Yesterday CMS published the results of a new search for a heavy partner of the bottom quark, by looking for the decay b' -> bZ: that is, the heavy b' is sought in a so-called Flavour-Changing neutral current process. The "neutral current" is an old but still used terminology to indicate the emission of a neutral vector boson, the Z.

Neutral currents, unlike charged currents (W emission) cannot change the flavour of a quark in the Standard Model. However, if we consider new quarks with vector-like properties (a way of saying that the quark couples symmetrically to vector bosons regardless of its helicity), that decay mode is possible, and may even be dominant as the mass of the heavy quark is large.

So far a heavy b' quark had been sought by CDF (268), CMS (550), and ATLAS (645-720), where the number in parenthesis indicates the lower limit on the mass of the quark set by the corresponding search, in GeV. The ATLAS numbers are two because they considered two possible schemes for the fourth generation of quarks, a singlet and doublet scenario.

I should now explain that in all these searches for heavy particles the way one sets a lower limit on the mass is by first determining an upper limit on the number of such particles produced in a given amount of collisions, and then comparing that experimental limit with the number calculated by theorists of particles that would have been produced as a function of the particle mass: since lower masses almost invariably imply higher production rates, the upper limit on the production rate becomes a lower limit on the mass. The reasoning is thus "if these things were lighter than x, there would be more than y of them in my data; but I know there are fewer than that (otherwise I would have detected a signal!!), so they must have mass M>x to exist".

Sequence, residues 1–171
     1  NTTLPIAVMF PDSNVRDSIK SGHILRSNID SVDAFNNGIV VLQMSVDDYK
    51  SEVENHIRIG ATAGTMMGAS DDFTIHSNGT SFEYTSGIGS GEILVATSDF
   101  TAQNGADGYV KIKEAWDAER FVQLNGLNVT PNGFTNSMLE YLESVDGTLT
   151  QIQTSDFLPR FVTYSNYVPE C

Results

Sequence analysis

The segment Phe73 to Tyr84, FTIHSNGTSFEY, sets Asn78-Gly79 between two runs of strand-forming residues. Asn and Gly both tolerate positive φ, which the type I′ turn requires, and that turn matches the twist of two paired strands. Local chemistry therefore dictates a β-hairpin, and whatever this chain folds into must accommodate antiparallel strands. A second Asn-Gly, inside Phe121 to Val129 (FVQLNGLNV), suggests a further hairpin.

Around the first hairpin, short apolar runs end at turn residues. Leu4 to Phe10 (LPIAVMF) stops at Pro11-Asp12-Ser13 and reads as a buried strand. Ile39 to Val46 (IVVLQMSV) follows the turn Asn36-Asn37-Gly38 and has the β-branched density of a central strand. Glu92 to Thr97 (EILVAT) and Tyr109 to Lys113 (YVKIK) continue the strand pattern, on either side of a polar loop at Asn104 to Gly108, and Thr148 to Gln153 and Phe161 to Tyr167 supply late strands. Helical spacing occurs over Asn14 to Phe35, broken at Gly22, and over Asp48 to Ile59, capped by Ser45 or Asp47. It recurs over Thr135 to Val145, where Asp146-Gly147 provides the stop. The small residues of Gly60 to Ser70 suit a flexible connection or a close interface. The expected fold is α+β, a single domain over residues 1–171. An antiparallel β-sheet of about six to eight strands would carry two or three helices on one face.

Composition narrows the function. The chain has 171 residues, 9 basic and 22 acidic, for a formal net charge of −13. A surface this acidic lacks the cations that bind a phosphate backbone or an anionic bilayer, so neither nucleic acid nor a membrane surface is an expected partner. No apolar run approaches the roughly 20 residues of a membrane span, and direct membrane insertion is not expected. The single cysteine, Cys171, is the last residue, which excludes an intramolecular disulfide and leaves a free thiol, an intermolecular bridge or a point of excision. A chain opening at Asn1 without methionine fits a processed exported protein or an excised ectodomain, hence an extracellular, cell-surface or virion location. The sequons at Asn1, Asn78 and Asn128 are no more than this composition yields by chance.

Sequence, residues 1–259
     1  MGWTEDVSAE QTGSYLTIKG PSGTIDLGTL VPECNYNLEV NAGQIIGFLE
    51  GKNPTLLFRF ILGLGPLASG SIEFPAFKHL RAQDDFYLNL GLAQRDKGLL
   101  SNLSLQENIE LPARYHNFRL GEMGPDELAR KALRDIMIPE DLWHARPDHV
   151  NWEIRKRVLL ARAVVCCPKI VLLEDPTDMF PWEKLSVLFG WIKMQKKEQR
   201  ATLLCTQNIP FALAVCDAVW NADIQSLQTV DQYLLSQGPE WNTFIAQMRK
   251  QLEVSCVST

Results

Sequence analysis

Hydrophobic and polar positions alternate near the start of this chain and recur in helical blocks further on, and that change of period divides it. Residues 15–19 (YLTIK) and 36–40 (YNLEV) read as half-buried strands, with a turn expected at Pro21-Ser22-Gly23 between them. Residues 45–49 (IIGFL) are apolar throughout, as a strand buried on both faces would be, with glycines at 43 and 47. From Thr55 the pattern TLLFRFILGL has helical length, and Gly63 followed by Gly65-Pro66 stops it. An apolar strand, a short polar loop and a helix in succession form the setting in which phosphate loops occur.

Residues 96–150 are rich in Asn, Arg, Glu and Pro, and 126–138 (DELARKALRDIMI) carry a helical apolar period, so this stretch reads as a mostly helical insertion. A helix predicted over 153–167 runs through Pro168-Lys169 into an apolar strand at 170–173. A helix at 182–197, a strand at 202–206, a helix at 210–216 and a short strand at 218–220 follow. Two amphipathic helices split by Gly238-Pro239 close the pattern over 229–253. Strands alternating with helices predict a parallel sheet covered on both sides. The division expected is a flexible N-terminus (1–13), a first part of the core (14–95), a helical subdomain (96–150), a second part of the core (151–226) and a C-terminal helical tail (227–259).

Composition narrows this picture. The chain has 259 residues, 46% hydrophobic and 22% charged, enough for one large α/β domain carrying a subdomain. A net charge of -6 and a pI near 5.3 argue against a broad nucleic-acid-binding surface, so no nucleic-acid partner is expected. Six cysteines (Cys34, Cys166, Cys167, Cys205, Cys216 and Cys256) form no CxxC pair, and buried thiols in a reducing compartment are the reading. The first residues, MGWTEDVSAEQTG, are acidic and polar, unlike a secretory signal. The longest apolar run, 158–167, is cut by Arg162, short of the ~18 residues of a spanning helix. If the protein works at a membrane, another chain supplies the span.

These searches all assumed, for simplicity, a 100% branching fraction of the b' to bZ final states; of course if the branching fraction of the decay is smaller the limit on the production rate worsens, and hence also the mass becomes less constrained.

CMS sought for b'->bZ events in 2012 data (19.6 inverse femtobarns of 8-TeV collisions) by looking for reconstructed Z->ee and Z->μμ decays accompanied by a b-tagged hadronic jet (from the energetic b quark emitted in the decay). The combined mass of the bZ system can then be fit by a background model and a hypothetical contribution from the b' signal, as shown below (the signal is shown as a dashed histogram for a mass of 700 GeV).

On the left is the subset of events where the Z is observed to decay in electron-positron pairs, on the right the corresponding data for Z->μμ decays. The shaded bands indicate the total background prediction, and the lower insets in the graphs show the difference between data and background in units of the total uncertainty.

Since the b' quark is assumed to be produced in pairs, there are in principle two b' quarks in the final state. The search is however inclusive, in the sense that one single b' is sought. The other may decay to the same final state, or to tW pairs. CMS set very loose requirements on the additional objects in the final state, such that one does not need to assume a 100% branching fraction to bZ a priori. All that CMS assumes is that the sum of branching fractions to bZ and tW is unity.

The CMS lower mass limit at 95% confidence level, assuming a 100% FCNC branching fraction b'->bZ, is at 700 GeV. CMS also produced a mass limit as a function of the branching fraction. It is shown below: as you see, as the supposed branching fraction becomes small, the mass limit loosens considerably.